A large portion of the earning potential of a business involves contracts. Because of that, most businesses spend a great deal of money and time on contract processes. This is done to ensure that all contracts are clear, comprehensive, and enforceable if the need arises.
However, even contracts using complex legal jargon and standardized phrases may not be enforceable in all cases. Even with all provisions and terms included, a contract may not be enforceable in a court of law. Being sure your contract is enforceable is essential for you and those you do business with.
What Ensures a Contract Will Be Enforced?
Six items ensure a contract is enforceable. It must include legality, offer, capacity, acceptance, consideration, and awareness. If these elements aren’t included, the contract may not be legally enforceable.
First, all parties need to be aware they are entering into an agreement. This means that a contract exists and both parties are bound by it. If there is a lack of awareness, this can void a contract.
Contracts must also have an offer that the other party accepts. Receiving the offer is the first step. However, it can still be terminated or changed at that point. Counteroffers can be made to change the terms of the contract.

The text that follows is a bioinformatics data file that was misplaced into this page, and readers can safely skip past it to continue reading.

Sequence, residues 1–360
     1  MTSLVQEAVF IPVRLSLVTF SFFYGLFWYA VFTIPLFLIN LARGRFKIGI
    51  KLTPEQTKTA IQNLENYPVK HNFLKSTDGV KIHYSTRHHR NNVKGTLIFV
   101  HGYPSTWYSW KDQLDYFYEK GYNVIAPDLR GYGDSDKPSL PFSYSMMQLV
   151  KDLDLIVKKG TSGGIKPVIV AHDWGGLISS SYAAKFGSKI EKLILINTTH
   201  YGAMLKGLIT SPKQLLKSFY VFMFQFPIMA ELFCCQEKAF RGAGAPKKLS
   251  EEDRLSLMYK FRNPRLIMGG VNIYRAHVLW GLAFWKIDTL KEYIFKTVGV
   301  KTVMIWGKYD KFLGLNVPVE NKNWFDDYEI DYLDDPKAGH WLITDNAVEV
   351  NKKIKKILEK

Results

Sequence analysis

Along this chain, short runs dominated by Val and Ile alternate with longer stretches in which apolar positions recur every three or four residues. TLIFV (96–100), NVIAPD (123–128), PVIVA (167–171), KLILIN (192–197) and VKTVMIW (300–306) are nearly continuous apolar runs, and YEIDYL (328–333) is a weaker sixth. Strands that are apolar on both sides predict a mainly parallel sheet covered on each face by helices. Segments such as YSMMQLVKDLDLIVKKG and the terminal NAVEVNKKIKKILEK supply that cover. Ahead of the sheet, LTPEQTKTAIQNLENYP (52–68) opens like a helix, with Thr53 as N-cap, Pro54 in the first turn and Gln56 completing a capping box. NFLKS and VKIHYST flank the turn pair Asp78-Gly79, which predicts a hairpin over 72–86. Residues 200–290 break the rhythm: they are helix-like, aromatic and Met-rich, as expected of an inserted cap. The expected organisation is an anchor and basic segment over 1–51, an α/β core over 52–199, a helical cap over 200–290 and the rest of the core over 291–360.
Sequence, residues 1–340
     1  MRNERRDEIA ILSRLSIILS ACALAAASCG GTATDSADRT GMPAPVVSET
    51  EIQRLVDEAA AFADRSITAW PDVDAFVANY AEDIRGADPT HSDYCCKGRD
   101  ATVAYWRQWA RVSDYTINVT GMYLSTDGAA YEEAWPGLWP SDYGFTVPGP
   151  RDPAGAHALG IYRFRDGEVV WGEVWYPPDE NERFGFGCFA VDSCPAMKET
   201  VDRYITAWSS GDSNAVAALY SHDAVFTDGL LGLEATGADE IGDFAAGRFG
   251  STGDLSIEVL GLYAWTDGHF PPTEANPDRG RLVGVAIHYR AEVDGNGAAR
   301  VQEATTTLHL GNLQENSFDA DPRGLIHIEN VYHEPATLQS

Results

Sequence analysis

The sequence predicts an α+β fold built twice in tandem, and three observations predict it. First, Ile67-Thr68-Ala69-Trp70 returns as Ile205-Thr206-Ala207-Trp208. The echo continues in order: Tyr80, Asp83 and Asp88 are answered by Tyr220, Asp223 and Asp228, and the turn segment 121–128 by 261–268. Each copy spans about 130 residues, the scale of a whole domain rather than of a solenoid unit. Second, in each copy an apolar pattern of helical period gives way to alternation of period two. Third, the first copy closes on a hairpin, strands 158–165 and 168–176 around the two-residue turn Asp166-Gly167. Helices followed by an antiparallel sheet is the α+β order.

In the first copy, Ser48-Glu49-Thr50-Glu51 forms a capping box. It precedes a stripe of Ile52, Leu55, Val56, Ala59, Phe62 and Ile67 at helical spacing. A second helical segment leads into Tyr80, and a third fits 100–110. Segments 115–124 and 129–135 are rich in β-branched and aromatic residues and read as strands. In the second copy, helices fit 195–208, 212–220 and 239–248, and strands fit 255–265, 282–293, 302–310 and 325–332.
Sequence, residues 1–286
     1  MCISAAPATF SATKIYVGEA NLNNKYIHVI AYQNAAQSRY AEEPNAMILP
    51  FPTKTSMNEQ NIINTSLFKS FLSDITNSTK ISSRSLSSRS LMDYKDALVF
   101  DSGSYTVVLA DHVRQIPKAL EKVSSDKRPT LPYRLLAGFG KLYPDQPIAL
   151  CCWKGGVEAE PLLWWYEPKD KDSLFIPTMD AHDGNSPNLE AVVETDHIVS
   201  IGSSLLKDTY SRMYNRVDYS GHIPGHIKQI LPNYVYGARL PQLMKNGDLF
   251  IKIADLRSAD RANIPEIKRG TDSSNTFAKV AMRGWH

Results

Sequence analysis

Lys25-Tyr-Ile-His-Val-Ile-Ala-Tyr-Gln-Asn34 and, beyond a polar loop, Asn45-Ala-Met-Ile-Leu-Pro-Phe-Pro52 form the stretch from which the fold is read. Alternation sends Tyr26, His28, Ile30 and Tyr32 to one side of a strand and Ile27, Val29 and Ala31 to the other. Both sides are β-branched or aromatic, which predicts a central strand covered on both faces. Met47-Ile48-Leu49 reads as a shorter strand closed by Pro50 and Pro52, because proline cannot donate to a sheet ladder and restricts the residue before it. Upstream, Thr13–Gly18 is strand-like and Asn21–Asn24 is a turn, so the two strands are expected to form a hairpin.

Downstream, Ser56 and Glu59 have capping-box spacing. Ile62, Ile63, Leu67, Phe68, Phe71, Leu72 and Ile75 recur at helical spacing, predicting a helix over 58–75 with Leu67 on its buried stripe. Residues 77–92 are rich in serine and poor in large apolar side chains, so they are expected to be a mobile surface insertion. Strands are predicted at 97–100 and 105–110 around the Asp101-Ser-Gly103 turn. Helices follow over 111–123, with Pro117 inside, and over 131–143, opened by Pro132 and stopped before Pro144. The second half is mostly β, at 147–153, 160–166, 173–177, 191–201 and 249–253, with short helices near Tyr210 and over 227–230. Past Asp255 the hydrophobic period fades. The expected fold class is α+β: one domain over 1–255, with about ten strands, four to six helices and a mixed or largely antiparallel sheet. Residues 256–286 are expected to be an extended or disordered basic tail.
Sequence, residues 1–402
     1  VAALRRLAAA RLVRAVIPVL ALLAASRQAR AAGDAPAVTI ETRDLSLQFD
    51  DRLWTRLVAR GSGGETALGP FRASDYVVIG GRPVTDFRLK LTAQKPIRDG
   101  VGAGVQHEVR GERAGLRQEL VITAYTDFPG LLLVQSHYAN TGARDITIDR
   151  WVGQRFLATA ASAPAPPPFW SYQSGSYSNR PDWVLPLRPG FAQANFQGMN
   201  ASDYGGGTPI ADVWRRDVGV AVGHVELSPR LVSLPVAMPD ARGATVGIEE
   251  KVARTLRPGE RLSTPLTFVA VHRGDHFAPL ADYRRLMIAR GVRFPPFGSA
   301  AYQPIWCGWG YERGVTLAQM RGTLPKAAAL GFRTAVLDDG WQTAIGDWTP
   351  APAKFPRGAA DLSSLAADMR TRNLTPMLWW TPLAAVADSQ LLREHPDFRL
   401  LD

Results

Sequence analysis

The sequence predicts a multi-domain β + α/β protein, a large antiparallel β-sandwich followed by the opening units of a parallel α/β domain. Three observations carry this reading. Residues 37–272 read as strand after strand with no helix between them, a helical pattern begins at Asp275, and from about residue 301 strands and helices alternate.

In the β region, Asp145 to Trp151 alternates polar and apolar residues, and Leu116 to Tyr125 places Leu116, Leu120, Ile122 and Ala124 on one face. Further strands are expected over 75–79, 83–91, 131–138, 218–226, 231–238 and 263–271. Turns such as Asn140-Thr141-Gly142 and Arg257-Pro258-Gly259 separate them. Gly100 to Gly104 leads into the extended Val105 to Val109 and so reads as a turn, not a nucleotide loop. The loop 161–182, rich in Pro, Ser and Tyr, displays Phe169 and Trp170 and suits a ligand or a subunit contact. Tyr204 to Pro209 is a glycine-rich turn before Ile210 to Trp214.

After an offer is made, acceptance must be made for the contract to be enforceable.
Consideration is the next factor in an enforceable contract. This means the value the parties agree on, whether that’s an object, action, or exchange of services. However, consideration doesn’t have to involve money to be valid.
Every person who signs the contract must have an understanding of what they are getting into. This precludes those under 18, without a good grasp of the language of the contract, those who are under the influence of drugs or alcohol, or those with a disorder that makes them incapable of understanding the document.
Finally, the contract must be legal in the area where it is going to be used. Local, state, and federal laws all apply to this requirement.
The Role of an Attorney
If one of the parties of the contract doesn’t meet their responsibilities as listed in the contract, this results in a breach of contract. Legal contracts are subject to mediation, arbitration, and lawsuits. Clauses can be included to determine how these breaches and disagreements are handled.
When you need legally enforceable contracts, a qualified attorney is the right person to help. Choose a lawyer at Bell & Shah who specializes in contracts to ensure you get the best results. It’s well worth the expense to be sure all your contracts can be enforced when needed.